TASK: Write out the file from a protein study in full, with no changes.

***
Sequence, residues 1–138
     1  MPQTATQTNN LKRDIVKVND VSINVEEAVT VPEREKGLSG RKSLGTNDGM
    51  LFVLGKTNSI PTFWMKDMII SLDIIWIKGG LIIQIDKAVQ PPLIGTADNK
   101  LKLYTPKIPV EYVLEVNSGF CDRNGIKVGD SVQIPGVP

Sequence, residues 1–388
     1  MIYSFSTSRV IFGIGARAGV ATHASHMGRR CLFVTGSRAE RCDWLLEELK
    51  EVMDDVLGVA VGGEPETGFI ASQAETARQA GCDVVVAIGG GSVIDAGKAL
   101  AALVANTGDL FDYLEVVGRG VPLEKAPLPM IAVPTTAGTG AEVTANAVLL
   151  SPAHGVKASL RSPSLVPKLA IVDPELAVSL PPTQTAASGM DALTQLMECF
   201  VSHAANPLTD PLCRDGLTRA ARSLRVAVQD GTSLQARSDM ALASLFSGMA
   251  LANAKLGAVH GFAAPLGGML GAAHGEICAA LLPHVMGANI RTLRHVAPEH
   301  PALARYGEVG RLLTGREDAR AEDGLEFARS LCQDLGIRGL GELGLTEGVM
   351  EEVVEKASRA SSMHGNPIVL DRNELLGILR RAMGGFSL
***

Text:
Sequence, residues 1–138
     1  MPQTATQTNN LKRDIVKVND VSINVEEAVT VPEREKGLSG RKSLGTNDGM
    51  LFVLGKTNSI PTFWMKDMII SLDIIWIKGG LIIQIDKAVQ PPLIGTADNK
   101  LKLYTPKIPV EYVLEVNSGF CDRNGIKVGD SVQIPGVP

Sequence, residues 1–388
     1  MIYSFSTSRV IFGIGARAGV ATHASHMGRR CLFVTGSRAE RCDWLLEELK
    51  EVMDDVLGVA VGGEPETGFI ASQAETARQA GCDVVVAIGG GSVIDAGKAL
   101  AALVANTGDL FDYLEVVGRG VPLEKAPLPM IAVPTTAGTG AEVTANAVLL
   151  SPAHGVKASL RSPSLVPKLA IVDPELAVSL PPTQTAASGM DALTQLMECF
   201  VSHAANPLTD PLCRDGLTRA ARSLRVAVQD GTSLQARSDM ALASLFSGMA
   251  LANAKLGAVH GFAAPLGGML GAAHGEICAA LLPHVMGANI RTLRHVAPEH
   301  PALARYGEVG RLLTGREDAR AEDGLEFARS LCQDLGIRGL GELGLTEGVM
   351  EEVVEKASRA SSMHGNPIVL DRNELLGILR RAMGGFSL